• Seborrheic dermatitis Seborrheic dermatitis Seborrheic dermatitis is a common chronic, relapsing skin disorder that presents as erythematous plaques with greasy, yellow scales in susceptible areas (scalp, face, and trunk). Seborrheic dermatitis has a biphasic incidence, occurring in two peaks: first in infants, then in adolescence and early adulthood. Seborrheic Dermatitis: relapsing skin Skin The skin, also referred to as the integumentary system, is the largest organ of the body. The skin is primarily composed of the epidermis (outer layer) and dermis (deep layer). The epidermis is primarily composed of keratinocytes that undergo rapid turnover, while the dermis contains dense layers of connective tissue. Structure and Function of the Skin disorder that has an unclear pathogenesis and presents with yellow-tinged scales on well-demarcated, pruritic, erythematous plaques. These lesions are distributed in regions of the body with numerous sebaceous glands, including the scalp, face, and chest. Seborrheic dermatitis Seborrheic dermatitis Seborrheic dermatitis is a common chronic, relapsing skin disorder that presents as erythematous plaques with greasy, yellow scales in susceptible areas (scalp, face, and trunk). Seborrheic dermatitis has a biphasic incidence, occurring in two peaks: first in infants, then in adolescence and early adulthood. Seborrheic Dermatitis commonly presents as dandruff in adults and as “cradle cap” in infants. Some evidence suggests that Malassezia Malassezia Malassezia is a lipophilic yeast commonly found on the skin surfaces of many animals, including humans. In the presence of certain environments or triggers, this fungus can cause pathologic diseases ranging from superficial skin conditions (tinea versicolor and dermatitis) to invasive disease (e.g., Malassezia folliculitis, catheter-associated fungemia, meningitis, and urinary tract infections). Malassezia Fungi proliferation may be the etiology. Treatment includes topical antifungals and corticosteroids.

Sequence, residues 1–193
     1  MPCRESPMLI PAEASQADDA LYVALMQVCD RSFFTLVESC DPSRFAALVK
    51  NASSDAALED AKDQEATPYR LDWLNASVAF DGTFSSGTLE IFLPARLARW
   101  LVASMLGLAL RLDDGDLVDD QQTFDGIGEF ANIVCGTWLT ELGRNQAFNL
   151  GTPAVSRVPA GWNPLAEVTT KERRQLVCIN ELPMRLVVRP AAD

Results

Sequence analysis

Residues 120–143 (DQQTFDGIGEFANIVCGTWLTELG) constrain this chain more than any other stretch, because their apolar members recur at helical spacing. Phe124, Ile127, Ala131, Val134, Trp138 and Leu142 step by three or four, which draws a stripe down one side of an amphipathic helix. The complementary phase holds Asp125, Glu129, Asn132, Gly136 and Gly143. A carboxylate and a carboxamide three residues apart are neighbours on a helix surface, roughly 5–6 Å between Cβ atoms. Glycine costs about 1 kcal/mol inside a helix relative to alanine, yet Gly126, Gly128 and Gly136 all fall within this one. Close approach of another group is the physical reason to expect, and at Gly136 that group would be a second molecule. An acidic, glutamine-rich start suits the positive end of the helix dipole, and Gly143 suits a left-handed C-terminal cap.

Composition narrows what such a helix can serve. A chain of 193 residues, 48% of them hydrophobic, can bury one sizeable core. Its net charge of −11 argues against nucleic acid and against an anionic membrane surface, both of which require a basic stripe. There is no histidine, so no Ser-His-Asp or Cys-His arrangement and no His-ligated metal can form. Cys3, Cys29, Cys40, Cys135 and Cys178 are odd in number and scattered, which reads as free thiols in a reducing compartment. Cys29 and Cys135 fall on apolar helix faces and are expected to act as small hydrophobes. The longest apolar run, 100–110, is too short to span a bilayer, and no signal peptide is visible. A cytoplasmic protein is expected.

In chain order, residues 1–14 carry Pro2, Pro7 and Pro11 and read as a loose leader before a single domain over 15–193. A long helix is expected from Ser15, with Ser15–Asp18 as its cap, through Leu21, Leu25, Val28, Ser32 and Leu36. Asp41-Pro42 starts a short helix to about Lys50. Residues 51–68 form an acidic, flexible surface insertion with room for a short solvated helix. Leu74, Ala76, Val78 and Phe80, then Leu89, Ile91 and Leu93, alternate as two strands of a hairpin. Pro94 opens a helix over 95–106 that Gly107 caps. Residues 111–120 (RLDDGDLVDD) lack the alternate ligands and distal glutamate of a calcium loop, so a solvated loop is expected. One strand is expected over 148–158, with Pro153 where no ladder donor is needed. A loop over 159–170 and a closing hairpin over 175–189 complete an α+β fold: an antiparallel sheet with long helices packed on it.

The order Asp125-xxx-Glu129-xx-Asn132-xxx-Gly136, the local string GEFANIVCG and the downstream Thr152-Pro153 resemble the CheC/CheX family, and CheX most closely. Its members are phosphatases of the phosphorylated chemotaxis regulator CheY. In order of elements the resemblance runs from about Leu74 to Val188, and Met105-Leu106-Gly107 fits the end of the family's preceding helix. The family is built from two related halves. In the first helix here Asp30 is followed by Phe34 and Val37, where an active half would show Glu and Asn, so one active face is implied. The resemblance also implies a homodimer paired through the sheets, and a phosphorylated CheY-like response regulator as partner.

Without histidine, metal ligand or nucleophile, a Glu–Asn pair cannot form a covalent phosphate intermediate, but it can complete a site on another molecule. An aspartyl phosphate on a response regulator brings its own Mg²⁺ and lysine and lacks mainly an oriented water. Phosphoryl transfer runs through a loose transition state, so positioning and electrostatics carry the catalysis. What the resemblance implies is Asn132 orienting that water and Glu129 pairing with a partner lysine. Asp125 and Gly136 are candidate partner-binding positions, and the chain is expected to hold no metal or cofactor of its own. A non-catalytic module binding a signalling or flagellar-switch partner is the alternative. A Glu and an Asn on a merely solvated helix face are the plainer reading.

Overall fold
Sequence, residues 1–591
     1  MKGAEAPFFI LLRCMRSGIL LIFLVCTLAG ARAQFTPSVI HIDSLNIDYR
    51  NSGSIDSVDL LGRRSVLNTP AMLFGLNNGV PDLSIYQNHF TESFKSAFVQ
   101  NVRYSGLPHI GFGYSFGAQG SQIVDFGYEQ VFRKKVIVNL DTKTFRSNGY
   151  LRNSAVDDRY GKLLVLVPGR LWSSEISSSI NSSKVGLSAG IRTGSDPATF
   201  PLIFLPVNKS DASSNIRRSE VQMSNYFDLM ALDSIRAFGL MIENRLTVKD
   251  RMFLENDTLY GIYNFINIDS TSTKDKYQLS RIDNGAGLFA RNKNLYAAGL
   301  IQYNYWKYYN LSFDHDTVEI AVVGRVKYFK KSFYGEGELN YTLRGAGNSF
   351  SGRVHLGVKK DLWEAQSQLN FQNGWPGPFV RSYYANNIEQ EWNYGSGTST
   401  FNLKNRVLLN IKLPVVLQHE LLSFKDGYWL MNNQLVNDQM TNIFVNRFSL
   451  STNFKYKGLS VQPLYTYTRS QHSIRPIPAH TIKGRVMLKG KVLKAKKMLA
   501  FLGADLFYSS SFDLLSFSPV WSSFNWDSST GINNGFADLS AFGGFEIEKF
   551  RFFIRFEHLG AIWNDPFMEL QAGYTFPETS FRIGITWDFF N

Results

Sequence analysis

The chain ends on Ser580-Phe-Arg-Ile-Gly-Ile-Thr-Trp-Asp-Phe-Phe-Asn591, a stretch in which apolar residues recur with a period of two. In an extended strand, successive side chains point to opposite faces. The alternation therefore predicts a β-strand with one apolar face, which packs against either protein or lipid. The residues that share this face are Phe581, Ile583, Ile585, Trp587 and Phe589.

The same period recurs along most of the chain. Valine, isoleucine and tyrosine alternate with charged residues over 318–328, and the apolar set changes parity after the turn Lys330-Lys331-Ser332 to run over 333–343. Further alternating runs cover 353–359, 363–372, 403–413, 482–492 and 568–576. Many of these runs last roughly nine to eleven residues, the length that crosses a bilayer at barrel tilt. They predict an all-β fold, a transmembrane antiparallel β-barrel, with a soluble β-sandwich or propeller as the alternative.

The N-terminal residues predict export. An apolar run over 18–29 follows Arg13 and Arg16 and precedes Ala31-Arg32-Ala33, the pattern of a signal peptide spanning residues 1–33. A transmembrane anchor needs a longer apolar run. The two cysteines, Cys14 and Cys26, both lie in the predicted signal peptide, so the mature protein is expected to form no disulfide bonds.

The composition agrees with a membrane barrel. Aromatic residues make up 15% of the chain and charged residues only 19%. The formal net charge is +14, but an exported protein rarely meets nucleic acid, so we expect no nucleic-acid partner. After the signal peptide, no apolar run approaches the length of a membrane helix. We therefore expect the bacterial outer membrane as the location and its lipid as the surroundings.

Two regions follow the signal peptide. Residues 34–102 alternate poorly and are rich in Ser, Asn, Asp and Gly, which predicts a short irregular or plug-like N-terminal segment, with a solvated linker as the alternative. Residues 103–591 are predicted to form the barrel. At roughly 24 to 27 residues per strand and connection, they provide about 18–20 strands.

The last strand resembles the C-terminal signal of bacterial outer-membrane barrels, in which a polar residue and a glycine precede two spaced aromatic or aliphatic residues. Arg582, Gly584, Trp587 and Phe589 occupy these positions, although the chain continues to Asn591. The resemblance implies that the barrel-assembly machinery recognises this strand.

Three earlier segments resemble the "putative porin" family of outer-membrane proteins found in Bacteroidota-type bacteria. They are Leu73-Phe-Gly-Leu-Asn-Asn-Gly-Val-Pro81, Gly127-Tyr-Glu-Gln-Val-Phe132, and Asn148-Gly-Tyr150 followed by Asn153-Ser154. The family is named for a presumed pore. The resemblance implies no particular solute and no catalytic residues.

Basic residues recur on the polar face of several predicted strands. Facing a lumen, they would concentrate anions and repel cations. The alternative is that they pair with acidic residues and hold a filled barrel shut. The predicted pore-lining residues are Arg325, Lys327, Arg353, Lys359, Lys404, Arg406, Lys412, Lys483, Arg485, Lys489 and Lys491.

• Subacute cutaneous lupus erythematosus (SCLE): form of skin Skin The skin, also referred to as the integumentary system, is the largest organ of the body. The skin is primarily composed of the epidermis (outer layer) and dermis (deep layer). The epidermis is primarily composed of keratinocytes that undergo rapid turnover, while the dermis contains dense layers of connective tissue. Structure and Function of the Skin lupus that is not usually associated with systemic lupus erythematosus Systemic lupus erythematosus Systemic lupus erythematosus (SLE) is a chronic autoimmune, inflammatory condition that causes immune-complex deposition in organs, resulting in systemic manifestations. Women, particularly those of African American descent, are more commonly affected. Systemic Lupus Erythematosus ( SLE SLE Systemic lupus erythematosus (SLE) is a chronic autoimmune, inflammatory condition that causes immune-complex deposition in organs, resulting in systemic manifestations. Women, particularly those of African American descent, are more commonly affected. Systemic Lupus Erythematosus). Subacute cutaneous lupus erythematosus presents with annular, erythematous, scaly plaques and usually appears on sun-exposed skin Skin The skin, also referred to as the integumentary system, is the largest organ of the body. The skin is primarily composed of the epidermis (outer layer) and dermis (deep layer). The epidermis is primarily composed of keratinocytes that undergo rapid turnover, while the dermis contains dense layers of connective tissue. Structure and Function of the Skin, including the neck, torso, and upper extremities. Counterintuitively, the face is usually spared. Subacute cutaneous lupus erythematosus can be drug-induced, with common offenders being antihypertensive agents, antihyperlipidemic agents, proton-pump inhibitors, antifungals, and tumor necrosis factor Tumor necrosis factor Tumor necrosis factor (TNF) is a major cytokine, released primarily by macrophages in response to stimuli. The presence of microbial products and dead cells and injury are among the stimulating factors. This protein belongs to the TNF superfamily, a group of ligands and receptors performing functions in inflammatory response, morphogenesis, and cell proliferation. Tumor Necrosis Factor (TNF) α inhibitors.
  • Granuloma annulare and erythema annulare centrifugum: benign, inflammatory conditions that present with annular, erythematous plaques. Granuloma annulare and erythema annulare centrifugum often do not have scales, which can be the factor distinguishing them from tinea infections.

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  8. Centers for Disease Control and Prevention. Ringworm. Retrieved May 2, 2021, from https://www.cdc.gov/fungal/diseases/ringworm/index.html